Sunday, August 21, 2011

Let them eat cake

Something odd happened to me last Monday.

I got a call later afternoon from the camp I worked at for years and years. It was from my friend (and facebook wife) Foxx, and she called to tell me that a package had arrived for me at camp.

Given the fact that I wasn't working there this summer, it was pretty exciting. Getting packages at camp is very exciting. You're living in that place for 10 weeks, and packages become this social event. Everyone is excited. When you get one, you have to sing for it in front of the whole camp.

A package?! For me?! How exciting!

Since most people knew I wasn't working at camp, I assumed that it was maybe from a former camper, who didn't know I wasn't working there. I told Foxx that she could open it, and I'd pick up whatever it was on Thursday night when I came to visit.

The package contained the following book.

Inside the book, there was an order form that said who sent it. I knew who it was. It was a person I'd worked with at camp years ago, and was no longer friends with. In fact, I hadn't spoken to this person in years.

Our friendship ended at my choice. It wasn't anything dramatic. I just stopped calling.

Later that night I got a call from this person. Their first words were, "So I'm a jerk...".

Now, a couple of things. Firstly, I am fat. It's not an insult to me to be called that. I already know.
Secondly, I haven't spoken to this person in years. This attempt to either get back at me for ending our friendship, or open some line of communication is so petty that it's really not something I'm taking to seriously.

In fact, it's great! Now I can eat this whole cake and know how to dress my body afterwards!
I find the book itself much more troubling. It's written like the worst issue of Cosmo that was ever published.

I'm all for people dressing to flatter their body types if that is what they are interested in, but this book is clearly not for me.

Here's an excerpt from the quiz that tells you if you are dressing fat.

1. Your winter coat is:
a) A metallic silver puffer that hits mid-calf
b) A short black puffer that's belted at the waist
c) A navy single-breasted wool or cashmere three-quarter-length coat

5. Your every day shoes are
a) Platform wedges
b) Kitten heels
c) Knee-high black suede boots with a heel

8. Your white pants are
a) High-waisted
b) Stretch cotton capris
c) Flat front trousers

I am clearly not a fashionable woman. I don't even have a puffer in any color, much less silver or black! And whose everyday shoes are knee-high black suede boots with a heel? I mean, someone I'm sure. Not me though. And I don't have any white pants at all. I eat to much barbecue sauce for that!

I haven't felt so out of touch with a quiz since I was 11 years old taking a "What Kind of Girlfriend are You" quiz in Seventeen magazine. They even have a section of how not to look fat in workout clothes or pajamas. The whole theme of the book seems to be that you should try to look as least fat as possible in every given situation, which depresses me.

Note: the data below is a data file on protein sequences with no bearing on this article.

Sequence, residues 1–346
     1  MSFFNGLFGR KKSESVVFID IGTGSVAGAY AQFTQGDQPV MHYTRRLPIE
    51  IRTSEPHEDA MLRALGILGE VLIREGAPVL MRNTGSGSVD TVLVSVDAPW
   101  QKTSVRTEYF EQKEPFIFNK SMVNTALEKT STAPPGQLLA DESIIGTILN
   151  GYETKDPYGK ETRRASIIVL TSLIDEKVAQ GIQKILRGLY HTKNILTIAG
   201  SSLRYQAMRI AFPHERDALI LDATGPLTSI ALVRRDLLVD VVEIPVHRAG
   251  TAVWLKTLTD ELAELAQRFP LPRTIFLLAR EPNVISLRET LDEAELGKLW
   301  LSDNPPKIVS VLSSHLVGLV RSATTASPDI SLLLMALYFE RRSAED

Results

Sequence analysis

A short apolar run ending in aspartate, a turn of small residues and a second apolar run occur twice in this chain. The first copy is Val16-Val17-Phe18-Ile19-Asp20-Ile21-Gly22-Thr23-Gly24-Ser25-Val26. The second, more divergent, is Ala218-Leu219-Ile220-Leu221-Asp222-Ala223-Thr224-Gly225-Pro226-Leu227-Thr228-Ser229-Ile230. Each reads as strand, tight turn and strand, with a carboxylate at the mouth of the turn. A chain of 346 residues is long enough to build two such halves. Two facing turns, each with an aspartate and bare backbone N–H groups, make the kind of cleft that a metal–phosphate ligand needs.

Body image is a really tricky issue. I think that if you want to look sharp at all times, that's great. Please do! I love looking at sharply dressed fashionable ladies. I just don't like that this book seems to imply that it should be a goal to look "not fat" at all times.

To combat this feeling, I brought party hats to camp when I went to visit (and to pick up the book).  Even though I'm wearing a "hi-fat" color, I still managed to have a good time.

Hey I think Sam (far right) is wearing a puffer! So that's what they are!

Also, as I mentioned previously, I haven't quilted for awhile. This has been sort of a rough month, with cleaning out my childhood home on the weekends, but that's only half of it. There's also this.

Once, at a guild meeting, one of the members told me that she liked my blog, but that I needed to clean my house because it was so dirty that it made her teeth hurt. My sewing table was approaching root canal levels of tooth pain. Even when I would like to sew, the thought of tackling the mess put me right off of it.

Yesterday I spent about one and a half episodes of Medium on Netflix instant watch cleaning up and got this result. Strangely enough, cleaning out my childhood home has given me some really good strategies for cleaning up a space.

It's still messy, but more of "I just ate a bunch of candy" teeth hurting level. I mean, I can see my sewing machine now! I'll take my victories where I can get them. If my next post doesn't contain quilting in some form I'll eat my hat (metaphorically).

I also want to mention that summer time is a great time for cat poses, because to beat the heat they stretch out in super cute ways. I should also mention that pictures of Fritz take up at 50%+ of my photo library at any given time.